The Indian Space Research Organisation (ISRO) successfully deorbited and re-entered the decommissioned Megha Tropiques-1 (MT-1) satellite into the Earth’s atmosphere. Launched on October 12, 2011, and built for tropical weather and climate studies, the MT-1 was ISRO’s first major joint satellite project with the French space agency, CNES. The orbital lifetime of this nearly 1-tonne satellite, which operated at an altitude of 867 km, was said to be more than 100 years. However, the MT-1 mission did not design the satellite to deorbit after the end of its life. However, when the MT-1’s mission ended, the two space agencies realized that some additional 120 kgs of fuel remained unused in the satellite’s fuel tank. ISRO used this opportunity intelligently and planned for a controlled re-entry to avoid it becoming a significant source of space debris.
Every satellite launched into space becomes space debris after some years, particularly at the end of its functional lifetime. Over time, such non-operational satellites continuously end up as space debris, which is much more hazardous to other functioning satellites. Space debris could be both natural and anthropogenic. Asteroids, comets, and meteoroids usually create natural space debris. Defunct satellites, objects released from the space station and astronaut space walks, the last stage of various rocket systems that deliver satellites into space, and their fragments often form anthropogenic space debris. The Chinese anti-satellite (ASAT) of 2007 and the Russian ASAT test of 2021 have been called for significantly contributing to space debris. The tests conducted by the US (2008) and India (2019) were at much lower altitudes, close to the Earth’s atmosphere. The debris created by these tests entered the Earth’s atmosphere and burnt off owing to the high re-entry temperatures of more than 2000 degrees Celsius.
Besides the ASAT fragments, over the years, the population of objects and defunct satellites in low Earth orbit (LEO) has increased significantly. These numbers have increased almost exponentially since various small-satellite constellations for providing space-based internet services, each consisting of thousands of satellites, are being launched. There is a palpable danger that the densely populated satellites in LEO could collide with each other and create more debris—a phenomenon known as the Kessler syndrome, which NASA scientist Donald J. Kessler first anticipated in 1978.
There is a requirement for a multi-pronged effort to limit the addition of more debris. It could be policy-based efforts, such as the debris mitigation guidelines of the United Nations and the Inter-Agency Space Debris Coordination Committee (IADC) or innovating technical measures to remove the existing debris and ensure that no additional debris gets added. But, besides these long shots, small and incremental steps could play a tremendous role if space agencies and private entities proactively take steps to avoid generating space debris. India took one small but crucial step in this direction on March 7.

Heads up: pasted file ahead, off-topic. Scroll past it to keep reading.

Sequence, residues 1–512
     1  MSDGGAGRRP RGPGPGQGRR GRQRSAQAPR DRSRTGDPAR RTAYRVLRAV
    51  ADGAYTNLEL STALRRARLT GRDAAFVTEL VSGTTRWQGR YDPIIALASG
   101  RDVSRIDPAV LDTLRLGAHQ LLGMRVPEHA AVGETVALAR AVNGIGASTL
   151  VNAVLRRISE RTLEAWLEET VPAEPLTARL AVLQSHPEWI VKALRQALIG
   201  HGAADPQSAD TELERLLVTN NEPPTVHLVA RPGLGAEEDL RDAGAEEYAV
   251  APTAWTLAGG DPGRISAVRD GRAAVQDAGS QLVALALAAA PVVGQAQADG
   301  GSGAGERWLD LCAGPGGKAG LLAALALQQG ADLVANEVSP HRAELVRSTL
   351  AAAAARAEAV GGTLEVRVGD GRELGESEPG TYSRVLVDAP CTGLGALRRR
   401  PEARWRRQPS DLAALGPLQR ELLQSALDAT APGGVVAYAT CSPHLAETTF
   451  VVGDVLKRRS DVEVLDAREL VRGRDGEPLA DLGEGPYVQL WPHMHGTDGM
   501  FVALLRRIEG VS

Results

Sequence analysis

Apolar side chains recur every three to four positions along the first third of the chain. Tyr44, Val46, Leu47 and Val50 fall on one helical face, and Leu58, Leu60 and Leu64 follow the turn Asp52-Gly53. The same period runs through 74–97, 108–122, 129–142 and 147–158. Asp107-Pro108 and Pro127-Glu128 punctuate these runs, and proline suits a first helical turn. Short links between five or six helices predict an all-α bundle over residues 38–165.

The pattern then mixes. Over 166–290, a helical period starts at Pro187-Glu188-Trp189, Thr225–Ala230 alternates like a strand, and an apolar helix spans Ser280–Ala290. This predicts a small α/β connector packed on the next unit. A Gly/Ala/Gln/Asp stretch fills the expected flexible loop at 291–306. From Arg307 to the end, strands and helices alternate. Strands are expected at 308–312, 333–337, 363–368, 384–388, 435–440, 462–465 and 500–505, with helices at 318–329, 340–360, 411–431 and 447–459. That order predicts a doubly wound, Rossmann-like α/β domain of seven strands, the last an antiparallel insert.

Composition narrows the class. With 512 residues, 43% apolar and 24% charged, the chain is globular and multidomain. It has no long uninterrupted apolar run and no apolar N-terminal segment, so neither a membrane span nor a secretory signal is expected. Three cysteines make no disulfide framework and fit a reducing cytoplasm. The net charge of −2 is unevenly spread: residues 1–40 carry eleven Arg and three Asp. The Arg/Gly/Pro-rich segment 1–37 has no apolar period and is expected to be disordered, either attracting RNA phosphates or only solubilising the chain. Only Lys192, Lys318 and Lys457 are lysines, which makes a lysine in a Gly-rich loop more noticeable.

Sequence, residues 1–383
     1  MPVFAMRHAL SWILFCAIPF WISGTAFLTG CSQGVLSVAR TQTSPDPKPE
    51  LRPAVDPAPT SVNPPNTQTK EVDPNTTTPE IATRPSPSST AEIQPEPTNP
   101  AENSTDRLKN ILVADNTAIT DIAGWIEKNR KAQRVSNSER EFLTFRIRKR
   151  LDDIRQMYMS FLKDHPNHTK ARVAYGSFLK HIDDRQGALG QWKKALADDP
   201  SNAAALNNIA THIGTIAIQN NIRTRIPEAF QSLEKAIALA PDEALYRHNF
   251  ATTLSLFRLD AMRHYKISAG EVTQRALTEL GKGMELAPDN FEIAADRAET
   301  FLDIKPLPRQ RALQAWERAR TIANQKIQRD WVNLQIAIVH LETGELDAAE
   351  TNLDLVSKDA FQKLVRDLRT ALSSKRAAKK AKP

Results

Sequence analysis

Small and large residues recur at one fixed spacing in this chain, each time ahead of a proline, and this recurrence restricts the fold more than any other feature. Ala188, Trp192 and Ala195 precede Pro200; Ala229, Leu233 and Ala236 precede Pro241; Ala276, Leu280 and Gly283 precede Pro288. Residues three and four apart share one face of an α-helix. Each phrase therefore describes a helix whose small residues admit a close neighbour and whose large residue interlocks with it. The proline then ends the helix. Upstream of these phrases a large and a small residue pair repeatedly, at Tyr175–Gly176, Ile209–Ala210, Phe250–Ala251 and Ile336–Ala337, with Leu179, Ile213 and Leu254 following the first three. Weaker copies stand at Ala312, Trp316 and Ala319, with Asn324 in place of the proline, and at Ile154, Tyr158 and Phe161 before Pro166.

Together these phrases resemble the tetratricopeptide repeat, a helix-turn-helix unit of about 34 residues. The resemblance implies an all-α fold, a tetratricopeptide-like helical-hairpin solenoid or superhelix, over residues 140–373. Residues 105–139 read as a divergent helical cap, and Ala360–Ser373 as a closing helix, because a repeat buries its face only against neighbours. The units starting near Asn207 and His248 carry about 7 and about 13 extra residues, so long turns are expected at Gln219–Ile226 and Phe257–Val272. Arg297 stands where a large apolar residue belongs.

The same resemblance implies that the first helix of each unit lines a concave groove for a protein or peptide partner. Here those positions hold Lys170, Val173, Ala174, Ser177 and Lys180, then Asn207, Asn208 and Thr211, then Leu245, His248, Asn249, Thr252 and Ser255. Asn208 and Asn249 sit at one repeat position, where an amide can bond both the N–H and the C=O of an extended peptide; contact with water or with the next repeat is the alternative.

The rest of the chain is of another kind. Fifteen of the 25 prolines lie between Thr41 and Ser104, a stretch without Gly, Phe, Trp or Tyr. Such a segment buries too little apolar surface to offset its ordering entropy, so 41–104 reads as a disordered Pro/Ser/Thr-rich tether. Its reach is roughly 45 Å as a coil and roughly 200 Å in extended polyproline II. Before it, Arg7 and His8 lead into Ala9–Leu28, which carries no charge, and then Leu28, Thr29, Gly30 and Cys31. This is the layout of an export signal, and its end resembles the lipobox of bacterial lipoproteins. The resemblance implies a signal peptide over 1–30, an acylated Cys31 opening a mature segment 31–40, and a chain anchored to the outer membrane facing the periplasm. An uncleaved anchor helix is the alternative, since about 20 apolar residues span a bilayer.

Since MT-1 was not designed for controlled re-entry after the end of its life, ISRO proactively took upon itself complicated deorbiting operations, not part of MT-1’s mission design. An uninhabited area in the Pacific Ocean between 5°S to 14°S latitude and 119°W to 100°W longitude was identified as the targeted re-entry zone. As revealed by ISRO, since Aug 2022, the satellite’s perigee (the point in the orbit of a satellite at which it is nearest to the Earth) was progressively lowered using the available fuel through a series of 20 manoeuvres spread over eight months. It executed the final two de-boost burns on March 7 by firing four 11 Newton thrusters on board the satellite for about 20 minutes each. The last perigee was estimated to be less than 80 km, indicating that the satellite was possibly in one (or big) piece till that altitude and must have undergone structural disintegration. ISRO undertook a re-entry aero-thermal flux analysis and found no possibility of surviving large debris fragments. The subsequent telemetry data indicated the satellite’s complete breakdown in the remotest interiors of the vast Pacific Ocean. The meticulous operation happened as planned and was conducted from the Mission Operations Complex in ISTRAC.